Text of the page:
Targeted Therapy for Older Patients with Uncontrolled Severe Asthma: Current and Future Prospects

Emmely de Roos, JCCM in't Veen, GJ (Gert-Jan) Braunstahl, Lies Lahousse, Guy Brusselle

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4 Citations (Scopus)


Severe asthma in the elderly places a high burden on affected individuals and society. Emerging therapies target specific phenotypes of the asthma disease spectrum, and can be beneficial for older asthmatics, albeit their response might be altered due to age-related characteristics. Paradoxically, these characteristics are often ground for exclusion from clinical trials. The question thus arises how the senior asthmatic population can successfully enter the era of targeted therapy. Therefore, we highlight characteristics of this population relevant to effective treatment, and review the evidence for targeted therapy in elderly patients. For targeted therapy it is important to account for aging, as this affects the distribution of phenotypes (e.g. late-onset asthma, non-eosinophilic asthma) and may alter biomarkers and drug metabolism. Elderly asthmatics suffer from age-related comorbidities and subsequent polypharmacy. A systematic search into targeted asthma therapy yielded no randomized clinical trials dedicated to older asthmatics. Post hoc analyses of the anti-immunoglobulin E agent omalizumab indicate similar efficacy in both younger and older adults. Conference abstracts on anti-interleukin-5 and anti-interleukin-13 therapy suggest even more pronounced effects of targeted treatments in late-onset disease and in asthmatic patients 65 years or older, but full reports are lacking. For non-eosinophilic asthma in the elderly, there is not yet high-level evidence for targeted therapy, but macrolides may offer a viable option. In conclusion, there is a gap in knowledge regarding the effect of older age on the safety and efficacy of targeted asthma therapy. Further investigations in the elderly are needed, with special emphasis on both late-onset asthma and therapeutics for non-eosinophilic asthma.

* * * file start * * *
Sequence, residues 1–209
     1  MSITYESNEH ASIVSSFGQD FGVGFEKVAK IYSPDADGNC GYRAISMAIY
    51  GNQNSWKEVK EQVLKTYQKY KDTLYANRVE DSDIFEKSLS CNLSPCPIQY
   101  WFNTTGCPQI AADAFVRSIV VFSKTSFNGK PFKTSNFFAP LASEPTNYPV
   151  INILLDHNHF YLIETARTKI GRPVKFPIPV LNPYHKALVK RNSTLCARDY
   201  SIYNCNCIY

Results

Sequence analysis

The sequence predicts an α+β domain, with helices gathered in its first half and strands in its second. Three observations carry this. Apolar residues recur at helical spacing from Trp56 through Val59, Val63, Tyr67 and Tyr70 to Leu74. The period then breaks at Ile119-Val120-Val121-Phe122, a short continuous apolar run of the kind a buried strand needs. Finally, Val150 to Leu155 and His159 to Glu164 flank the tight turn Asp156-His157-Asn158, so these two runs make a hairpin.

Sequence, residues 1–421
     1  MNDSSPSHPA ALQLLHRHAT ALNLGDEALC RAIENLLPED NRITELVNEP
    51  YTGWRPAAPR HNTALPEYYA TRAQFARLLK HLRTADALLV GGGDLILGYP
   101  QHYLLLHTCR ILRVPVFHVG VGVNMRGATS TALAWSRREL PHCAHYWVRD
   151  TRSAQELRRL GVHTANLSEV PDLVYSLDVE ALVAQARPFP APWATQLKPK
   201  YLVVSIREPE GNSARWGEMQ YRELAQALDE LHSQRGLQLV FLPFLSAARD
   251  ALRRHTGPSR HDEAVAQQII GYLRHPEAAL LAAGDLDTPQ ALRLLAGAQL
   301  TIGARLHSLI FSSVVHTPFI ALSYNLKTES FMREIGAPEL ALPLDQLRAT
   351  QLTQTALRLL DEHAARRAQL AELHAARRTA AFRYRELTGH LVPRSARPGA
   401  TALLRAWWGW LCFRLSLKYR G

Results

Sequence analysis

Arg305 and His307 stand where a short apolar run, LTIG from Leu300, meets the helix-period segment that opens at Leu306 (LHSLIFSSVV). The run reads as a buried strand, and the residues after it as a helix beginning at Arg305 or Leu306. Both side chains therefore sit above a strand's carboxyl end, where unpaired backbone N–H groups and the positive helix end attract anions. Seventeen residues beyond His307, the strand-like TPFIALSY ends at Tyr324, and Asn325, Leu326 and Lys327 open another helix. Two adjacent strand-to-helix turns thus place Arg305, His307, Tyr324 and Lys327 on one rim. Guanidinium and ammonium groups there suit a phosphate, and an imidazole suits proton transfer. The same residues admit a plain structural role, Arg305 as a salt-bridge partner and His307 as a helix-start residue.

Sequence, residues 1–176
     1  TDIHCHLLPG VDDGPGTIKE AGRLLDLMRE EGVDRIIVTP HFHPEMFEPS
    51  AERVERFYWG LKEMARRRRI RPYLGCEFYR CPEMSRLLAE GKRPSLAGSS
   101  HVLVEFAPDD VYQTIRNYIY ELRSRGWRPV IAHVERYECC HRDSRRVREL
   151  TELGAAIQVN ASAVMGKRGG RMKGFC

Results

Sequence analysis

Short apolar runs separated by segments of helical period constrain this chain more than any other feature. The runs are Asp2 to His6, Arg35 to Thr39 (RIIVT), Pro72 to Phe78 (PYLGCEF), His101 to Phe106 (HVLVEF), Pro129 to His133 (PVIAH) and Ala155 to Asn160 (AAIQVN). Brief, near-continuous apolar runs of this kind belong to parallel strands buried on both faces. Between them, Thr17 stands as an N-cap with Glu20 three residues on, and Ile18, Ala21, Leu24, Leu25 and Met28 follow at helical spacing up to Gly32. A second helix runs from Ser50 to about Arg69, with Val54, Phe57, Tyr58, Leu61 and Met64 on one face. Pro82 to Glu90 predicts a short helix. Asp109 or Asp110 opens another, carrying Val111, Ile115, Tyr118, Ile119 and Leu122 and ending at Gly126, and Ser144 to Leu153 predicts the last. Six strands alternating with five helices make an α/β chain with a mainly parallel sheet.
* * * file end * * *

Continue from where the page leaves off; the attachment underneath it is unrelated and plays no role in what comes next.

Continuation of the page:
Original languageUndefined/Unknown
Pages (from-to)619-628
Number of pages10
JournalDrugs & Aging
Issue number9
Publication statusPublished - 2016

Research programs

  • EMC MM-04-42-02
  • EMC NIHES-01-64-03

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